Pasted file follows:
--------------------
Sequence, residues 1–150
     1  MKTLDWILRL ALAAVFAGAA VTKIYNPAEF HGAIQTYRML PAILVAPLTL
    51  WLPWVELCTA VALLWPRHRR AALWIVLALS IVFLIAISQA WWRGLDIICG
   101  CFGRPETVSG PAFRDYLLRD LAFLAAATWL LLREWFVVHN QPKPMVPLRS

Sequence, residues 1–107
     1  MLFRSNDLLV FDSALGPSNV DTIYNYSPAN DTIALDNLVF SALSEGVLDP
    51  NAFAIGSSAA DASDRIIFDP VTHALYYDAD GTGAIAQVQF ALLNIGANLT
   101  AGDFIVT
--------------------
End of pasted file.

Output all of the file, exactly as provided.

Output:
Sequence, residues 1–150
     1  MKTLDWILRL ALAAVFAGAA VTKIYNPAEF HGAIQTYRML PAILVAPLTL
    51  WLPWVELCTA VALLWPRHRR AALWIVLALS IVFLIAISQA WWRGLDIICG
   101  CFGRPETVSG PAFRDYLLRD LAFLAAATWL LLREWFVVHN QPKPMVPLRS

Sequence, residues 1–107
     1  MLFRSNDLLV FDSALGPSNV DTIYNYSPAN DTIALDNLVF SALSEGVLDP
    51  NAFAIGSSAA DASDRIIFDP VTHALYYDAD GTGAIAQVQF ALLNIGANLT
   101  AGDFIVT